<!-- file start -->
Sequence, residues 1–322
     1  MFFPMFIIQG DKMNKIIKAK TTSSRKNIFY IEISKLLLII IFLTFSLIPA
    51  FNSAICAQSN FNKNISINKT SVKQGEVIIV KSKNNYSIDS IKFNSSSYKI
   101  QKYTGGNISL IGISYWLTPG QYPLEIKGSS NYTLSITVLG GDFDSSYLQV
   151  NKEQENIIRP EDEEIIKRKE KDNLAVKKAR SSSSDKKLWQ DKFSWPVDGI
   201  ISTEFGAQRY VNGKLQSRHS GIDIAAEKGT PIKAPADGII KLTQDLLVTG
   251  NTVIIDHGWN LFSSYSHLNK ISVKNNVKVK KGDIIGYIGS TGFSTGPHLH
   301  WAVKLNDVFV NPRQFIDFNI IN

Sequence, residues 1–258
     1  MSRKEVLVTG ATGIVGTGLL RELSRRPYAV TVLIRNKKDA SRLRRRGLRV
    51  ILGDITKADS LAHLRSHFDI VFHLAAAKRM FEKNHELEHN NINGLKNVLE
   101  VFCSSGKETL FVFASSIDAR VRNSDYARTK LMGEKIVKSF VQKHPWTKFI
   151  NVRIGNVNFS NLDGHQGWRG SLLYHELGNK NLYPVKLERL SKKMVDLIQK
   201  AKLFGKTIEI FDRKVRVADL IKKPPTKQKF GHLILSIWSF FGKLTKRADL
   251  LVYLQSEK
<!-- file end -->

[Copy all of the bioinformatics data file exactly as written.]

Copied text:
Sequence, residues 1–322
     1  MFFPMFIIQG DKMNKIIKAK TTSSRKNIFY IEISKLLLII IFLTFSLIPA
    51  FNSAICAQSN FNKNISINKT SVKQGEVIIV KSKNNYSIDS IKFNSSSYKI
   101  QKYTGGNISL IGISYWLTPG QYPLEIKGSS NYTLSITVLG GDFDSSYLQV
   151  NKEQENIIRP EDEEIIKRKE KDNLAVKKAR SSSSDKKLWQ DKFSWPVDGI
   201  ISTEFGAQRY VNGKLQSRHS GIDIAAEKGT PIKAPADGII KLTQDLLVTG
   251  NTVIIDHGWN LFSSYSHLNK ISVKNNVKVK KGDIIGYIGS TGFSTGPHLH
   301  WAVKLNDVFV NPRQFIDFNI IN

Sequence, residues 1–258
     1  MSRKEVLVTG ATGIVGTGLL RELSRRPYAV TVLIRNKKDA SRLRRRGLRV
    51  ILGDITKADS LAHLRSHFDI VFHLAAAKRM FEKNHELEHN NINGLKNVLE
   101  VFCSSGKETL FVFASSIDAR VRNSDYARTK LMGEKIVKSF VQKHPWTKFI
   151  NVRIGNVNFS NLDGHQGWRG SLLYHELGNK NLYPVKLERL SKKMVDLIQK
   201  AKLFGKTIEI FDRKVRVADL IKKPPTKQKF GHLILSIWSF FGKLTKRADL
   251  LVYLQSEK